To better understand the evolving outlook for LNG and its role in the U.S. gas market, Fortnightly assembled a group of LNG specialists with various perspectives on the issues.
Real Green Costs
Valuing risk reduction for renewables and DSM.
follows from its direct and additive monetization of risk under well-known practices applied by insurance companies and option traders. The benefit of being able to directly subtract the RRV from a portfolio’s costs simplifies the resource-selection process by making risk an explicit component of total resource costs.
The inclusion of market and volumetric uncertainty can yield tremendous insight into portfolio risks when done well. However, proper valuation requires an underlying modeling framework that meets rigorous criteria for simulation of future market states. The current leading practices in energy resource modeling apply an integrated framework that incorporates observed market dynamics with system fundamentals to capture critical covariate relationships:
• Implied heat rate distribution;
• Weather > load > DSM > price relationships;
• Weather > wind and solar generation > price relationships; and
• Correlations between commodity prices.
Model validation requires meeting rigorous benchmarks that demonstrate the ability to reflect previous patterns of market and volumetric uncertainty and evolve these relationships forward based on current expectations. The integrated simulation framework serves as the analytical foundation to rendering portfolio valuations.
Resource valuation then follows an hourly time-step process that reflects the coincident value of market prices and resource characteristics. While simplification into larger time steps can be computationally attractive, critical attributes of resource flexibility, such as interruptible load or coincidence of static generation with market prices, become undervalued with simplified analytical approaches. Getting resource valuation right requires adhering to the higher levels of prudent portfolio management by utilizing all available information from the application of leading modeling techniques.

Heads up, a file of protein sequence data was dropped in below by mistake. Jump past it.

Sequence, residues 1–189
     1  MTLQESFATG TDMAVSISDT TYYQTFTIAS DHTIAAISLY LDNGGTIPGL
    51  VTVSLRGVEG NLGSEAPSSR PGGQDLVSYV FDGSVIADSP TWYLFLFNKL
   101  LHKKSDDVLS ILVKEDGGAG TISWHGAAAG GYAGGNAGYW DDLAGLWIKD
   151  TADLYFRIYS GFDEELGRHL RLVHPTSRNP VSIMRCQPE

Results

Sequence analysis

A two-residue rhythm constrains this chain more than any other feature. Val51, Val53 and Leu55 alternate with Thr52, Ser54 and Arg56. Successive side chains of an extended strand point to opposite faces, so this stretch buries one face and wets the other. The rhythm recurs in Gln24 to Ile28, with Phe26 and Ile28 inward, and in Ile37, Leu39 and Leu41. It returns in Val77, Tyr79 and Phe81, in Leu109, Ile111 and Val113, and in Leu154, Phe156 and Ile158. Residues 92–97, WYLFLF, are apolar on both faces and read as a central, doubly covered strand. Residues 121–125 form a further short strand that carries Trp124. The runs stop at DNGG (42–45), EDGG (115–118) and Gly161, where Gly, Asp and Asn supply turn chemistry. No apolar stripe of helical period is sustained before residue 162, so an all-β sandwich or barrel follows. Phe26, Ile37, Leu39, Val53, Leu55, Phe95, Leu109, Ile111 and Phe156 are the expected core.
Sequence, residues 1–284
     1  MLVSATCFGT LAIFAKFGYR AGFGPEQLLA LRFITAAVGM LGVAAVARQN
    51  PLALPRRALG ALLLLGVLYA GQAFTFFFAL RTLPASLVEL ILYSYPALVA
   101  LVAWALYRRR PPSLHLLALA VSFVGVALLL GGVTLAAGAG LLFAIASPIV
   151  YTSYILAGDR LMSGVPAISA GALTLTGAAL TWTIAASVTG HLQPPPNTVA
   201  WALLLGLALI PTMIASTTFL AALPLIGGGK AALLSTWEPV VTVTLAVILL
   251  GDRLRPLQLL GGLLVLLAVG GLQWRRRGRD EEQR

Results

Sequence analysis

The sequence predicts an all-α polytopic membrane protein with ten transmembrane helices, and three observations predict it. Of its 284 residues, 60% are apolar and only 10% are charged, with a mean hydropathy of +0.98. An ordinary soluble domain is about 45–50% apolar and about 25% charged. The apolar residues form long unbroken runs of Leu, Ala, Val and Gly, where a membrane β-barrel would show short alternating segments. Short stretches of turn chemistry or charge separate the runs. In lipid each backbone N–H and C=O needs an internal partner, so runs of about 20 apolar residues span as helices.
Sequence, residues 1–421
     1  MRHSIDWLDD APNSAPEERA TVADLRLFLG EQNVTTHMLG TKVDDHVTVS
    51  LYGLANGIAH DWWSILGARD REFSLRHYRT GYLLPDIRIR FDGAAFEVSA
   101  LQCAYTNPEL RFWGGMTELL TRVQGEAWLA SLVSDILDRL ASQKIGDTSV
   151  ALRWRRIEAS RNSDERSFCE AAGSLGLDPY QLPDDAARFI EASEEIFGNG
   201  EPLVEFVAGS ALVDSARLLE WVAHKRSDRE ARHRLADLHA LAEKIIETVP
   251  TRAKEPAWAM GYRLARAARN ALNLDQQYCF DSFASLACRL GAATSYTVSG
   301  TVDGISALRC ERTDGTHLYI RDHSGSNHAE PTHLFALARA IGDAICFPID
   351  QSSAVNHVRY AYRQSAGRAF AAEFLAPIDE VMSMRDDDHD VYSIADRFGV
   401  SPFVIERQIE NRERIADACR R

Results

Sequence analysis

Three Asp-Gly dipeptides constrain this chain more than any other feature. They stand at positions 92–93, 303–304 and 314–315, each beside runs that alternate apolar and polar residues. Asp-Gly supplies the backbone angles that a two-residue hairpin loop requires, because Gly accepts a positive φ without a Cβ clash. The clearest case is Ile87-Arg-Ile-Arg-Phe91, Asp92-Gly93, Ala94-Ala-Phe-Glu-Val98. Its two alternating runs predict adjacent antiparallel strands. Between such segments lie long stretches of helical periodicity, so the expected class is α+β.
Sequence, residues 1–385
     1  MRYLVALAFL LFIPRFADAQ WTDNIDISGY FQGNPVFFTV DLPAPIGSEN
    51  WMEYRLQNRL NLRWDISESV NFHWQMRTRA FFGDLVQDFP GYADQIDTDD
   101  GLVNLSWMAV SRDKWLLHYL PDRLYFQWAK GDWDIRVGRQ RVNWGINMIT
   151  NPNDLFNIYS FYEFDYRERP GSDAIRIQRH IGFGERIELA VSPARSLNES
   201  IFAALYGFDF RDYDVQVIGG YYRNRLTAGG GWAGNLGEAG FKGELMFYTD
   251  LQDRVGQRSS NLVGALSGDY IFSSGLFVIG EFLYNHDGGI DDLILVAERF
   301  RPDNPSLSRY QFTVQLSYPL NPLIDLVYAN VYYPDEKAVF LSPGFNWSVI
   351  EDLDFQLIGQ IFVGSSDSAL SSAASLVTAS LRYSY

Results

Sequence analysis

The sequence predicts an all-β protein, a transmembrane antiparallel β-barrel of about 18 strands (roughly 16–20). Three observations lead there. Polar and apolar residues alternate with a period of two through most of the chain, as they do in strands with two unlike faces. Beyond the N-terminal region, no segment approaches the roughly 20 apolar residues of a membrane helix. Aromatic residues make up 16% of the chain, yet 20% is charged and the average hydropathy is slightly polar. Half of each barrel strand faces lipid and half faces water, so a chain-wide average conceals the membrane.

RRV should thus play a critical role in valuing the risk reduction effectiveness of alternative DSM programs. Including RRV supports a more balanced assessment of cost effectiveness of DSM programs by accounting for the direct value attributed to the reduced risk. The RRV for specific DSM measures can be expressed as a percentage of each program’s total cost ( see Figure 3 ). RRV for DSM ranges broadly, from approximately 5 to 35 percent, depending on the utility supply portfolio.
Alternatively, programs can be valued in terms of net benefit per megawatt hour (MWh) of energy conserved. The RRV becomes a direct credit to the avoided cost function as follows ( see Figure 4 ): Net Benefits = Avoided Costs ƒ (generation, fuel, T&D, emissions, and risk) – Program Costs .
The eventual goal of resource analysis is to determine the cost not of a single resource, but the cost of a portfolio of resources. Incremental analysis, in which individual resources are added to a portfolio in order to ascertain their respective economic impacts on the whole, also is a common approach to resource analysis. Figure 5 incorporates DSM and renewable energy RRV into incremental analysis. In this case, four scenarios are presented, representing the various combinations of base case, DSM, and renewable energy resources. The height of each bar represents the nominal total expected cost of each scenario; the orange portion of each column represents the cost of each scenario, net of the RRV created by DSM and renewable resources. The total and